When will the press realise SU weirdos don’t represent normal students?

Free Speech isn’t under threat

“Free Speech is under growing threat at British universities” drones the front page of The Times today [18/1/2016]. They report that over the last three years, student unions have put 148 bans in place. Everything from Charlie Hebdo to the knuckleheads in the London School of Economics rugby club have had their marquees shut down.

This comes off the back of analysis of student union and administrators’ policies at 115 universities, conducted by Spiked magazine. They found out a load of shit you already know: there a lot of feminists out there who don’t like Robin Thicke, there are a lot of feminists out there who don’t like Germaine Greer, there are a lot of feminists out there who don’t like page 3 of The Sun and there are even some feminists who don’t like all three of those things at the same time!

Apparently nothing will ever teach the rest of the country that 90 per cent of students pass through uni without engaging with or thinking about politics. It says nothing to them about their lives, which are marked by apathy, the desire to have a good time, the usual foreground anxieties about sex and essay deadlines – and radiating in the background, the thought “how do I get a job out of this?” They’re not worrying about whether things their SU’s do are “illiberal” or not.

The Times story, which is soaked in the language of crisis – “growing threat” “serious restrictions” “high levels of intolerance” – was written by Greg Hurst, the paper’s Education Editor. Now I don’t know for sure if I’m right, but judging by Greg’s Twitter profile pic, he probably went to university a very, very long time ago:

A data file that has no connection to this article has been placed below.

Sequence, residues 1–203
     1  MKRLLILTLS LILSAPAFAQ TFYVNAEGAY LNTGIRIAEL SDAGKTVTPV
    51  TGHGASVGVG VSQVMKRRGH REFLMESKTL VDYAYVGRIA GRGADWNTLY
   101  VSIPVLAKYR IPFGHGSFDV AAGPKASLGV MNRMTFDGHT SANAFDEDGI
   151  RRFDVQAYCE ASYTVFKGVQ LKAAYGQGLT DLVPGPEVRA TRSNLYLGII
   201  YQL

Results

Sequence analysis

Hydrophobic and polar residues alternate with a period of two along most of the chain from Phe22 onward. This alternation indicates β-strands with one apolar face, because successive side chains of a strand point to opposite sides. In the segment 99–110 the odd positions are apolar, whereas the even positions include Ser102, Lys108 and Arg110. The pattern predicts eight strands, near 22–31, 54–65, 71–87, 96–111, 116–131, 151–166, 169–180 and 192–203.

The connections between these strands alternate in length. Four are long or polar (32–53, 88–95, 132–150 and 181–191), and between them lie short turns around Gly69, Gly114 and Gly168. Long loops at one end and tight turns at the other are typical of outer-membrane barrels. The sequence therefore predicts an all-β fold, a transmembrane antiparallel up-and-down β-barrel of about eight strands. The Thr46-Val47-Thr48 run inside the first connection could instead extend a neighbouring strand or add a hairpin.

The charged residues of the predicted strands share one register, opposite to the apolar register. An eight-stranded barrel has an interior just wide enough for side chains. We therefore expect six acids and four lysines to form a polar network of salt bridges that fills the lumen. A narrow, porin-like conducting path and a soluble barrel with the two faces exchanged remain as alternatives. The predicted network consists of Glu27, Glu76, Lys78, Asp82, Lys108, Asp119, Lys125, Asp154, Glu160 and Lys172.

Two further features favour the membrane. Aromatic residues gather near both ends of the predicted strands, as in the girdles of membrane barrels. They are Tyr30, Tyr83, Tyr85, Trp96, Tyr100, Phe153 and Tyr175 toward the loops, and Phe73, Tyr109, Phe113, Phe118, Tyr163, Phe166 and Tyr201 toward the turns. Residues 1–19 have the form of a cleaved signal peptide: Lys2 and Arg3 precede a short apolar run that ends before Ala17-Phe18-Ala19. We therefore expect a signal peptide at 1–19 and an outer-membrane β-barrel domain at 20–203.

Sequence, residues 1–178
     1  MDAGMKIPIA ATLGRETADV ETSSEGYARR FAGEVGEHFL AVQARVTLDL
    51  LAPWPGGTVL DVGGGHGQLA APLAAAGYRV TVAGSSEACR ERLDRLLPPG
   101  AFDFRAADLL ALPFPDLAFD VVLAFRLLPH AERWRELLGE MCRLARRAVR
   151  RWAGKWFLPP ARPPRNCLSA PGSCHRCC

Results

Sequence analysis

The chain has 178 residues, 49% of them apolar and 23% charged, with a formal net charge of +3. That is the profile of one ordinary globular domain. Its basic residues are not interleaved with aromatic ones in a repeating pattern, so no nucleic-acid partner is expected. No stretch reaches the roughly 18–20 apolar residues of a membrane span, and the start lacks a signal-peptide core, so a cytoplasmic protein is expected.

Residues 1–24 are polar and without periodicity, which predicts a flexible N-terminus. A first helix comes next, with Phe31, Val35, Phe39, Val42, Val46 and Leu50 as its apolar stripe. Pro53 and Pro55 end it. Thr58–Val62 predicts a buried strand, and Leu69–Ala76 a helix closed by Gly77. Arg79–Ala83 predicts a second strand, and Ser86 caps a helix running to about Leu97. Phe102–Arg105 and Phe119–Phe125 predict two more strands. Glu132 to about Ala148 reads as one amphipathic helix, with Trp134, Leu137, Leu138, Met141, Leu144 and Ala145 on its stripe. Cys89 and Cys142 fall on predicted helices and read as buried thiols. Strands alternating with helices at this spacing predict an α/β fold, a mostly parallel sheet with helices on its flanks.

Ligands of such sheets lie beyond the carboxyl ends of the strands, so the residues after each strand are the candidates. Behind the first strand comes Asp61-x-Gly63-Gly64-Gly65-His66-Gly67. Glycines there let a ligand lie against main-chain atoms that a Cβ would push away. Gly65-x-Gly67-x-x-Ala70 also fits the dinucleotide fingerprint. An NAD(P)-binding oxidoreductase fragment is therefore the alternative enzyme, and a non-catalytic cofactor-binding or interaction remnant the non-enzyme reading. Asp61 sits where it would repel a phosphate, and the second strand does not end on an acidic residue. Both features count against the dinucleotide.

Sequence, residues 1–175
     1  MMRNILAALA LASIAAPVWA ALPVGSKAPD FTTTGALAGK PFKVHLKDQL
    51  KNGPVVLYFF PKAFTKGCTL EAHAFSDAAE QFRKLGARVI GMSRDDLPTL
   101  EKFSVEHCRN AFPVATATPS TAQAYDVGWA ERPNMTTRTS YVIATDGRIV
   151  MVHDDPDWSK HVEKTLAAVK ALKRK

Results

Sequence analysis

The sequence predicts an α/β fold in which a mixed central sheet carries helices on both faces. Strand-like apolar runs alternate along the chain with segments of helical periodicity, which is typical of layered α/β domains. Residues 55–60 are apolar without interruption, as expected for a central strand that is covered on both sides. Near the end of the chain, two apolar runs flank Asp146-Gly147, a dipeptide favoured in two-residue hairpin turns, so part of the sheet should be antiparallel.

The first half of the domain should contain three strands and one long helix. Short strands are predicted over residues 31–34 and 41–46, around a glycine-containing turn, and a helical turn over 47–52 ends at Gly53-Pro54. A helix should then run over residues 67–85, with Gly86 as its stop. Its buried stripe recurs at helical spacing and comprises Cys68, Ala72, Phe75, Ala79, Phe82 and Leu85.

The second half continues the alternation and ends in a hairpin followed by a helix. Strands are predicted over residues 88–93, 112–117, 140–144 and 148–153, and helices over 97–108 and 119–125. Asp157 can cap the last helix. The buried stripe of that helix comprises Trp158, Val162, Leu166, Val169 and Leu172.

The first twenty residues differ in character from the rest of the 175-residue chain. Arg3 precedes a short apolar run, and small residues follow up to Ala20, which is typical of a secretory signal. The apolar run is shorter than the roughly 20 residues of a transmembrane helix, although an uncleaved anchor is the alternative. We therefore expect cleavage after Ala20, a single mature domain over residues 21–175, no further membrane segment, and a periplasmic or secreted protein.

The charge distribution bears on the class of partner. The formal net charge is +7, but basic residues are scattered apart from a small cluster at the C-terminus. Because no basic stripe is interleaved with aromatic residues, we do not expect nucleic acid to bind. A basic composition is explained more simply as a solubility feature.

This is Greg

This is Greg

What’s happening at UK universities right now is what’s happened on and off since the early sixties: a small noisy fringe, radical in style but never in substance, make a lot of noise and people like Greg give them the attention they so desperately crave by writing over the top articles about them.

The abstract concept of free speech is of interest to your pink hair and piercings feminists, your virginal meninists – in short it’s of interest to weirdos and the Oxbridge lot. The kind of people who start up in the pub about Gamergate while you sit there and think I could be back home, sticking my head in the oven, rather than having to listen to this.

Maybe there is a sadness to UK universities becoming more sheltered, more suppressive. But I can’t shake the feeling that most of these bans are meaningless, a form of superficial posturing engineered to make commentators with names like “Sir Anthony Sheldon” lose their minds in newspapers. Let the SU’s feel morally superior – they’re not going to win any arguments any time soon. They’re not converting people by silencing them.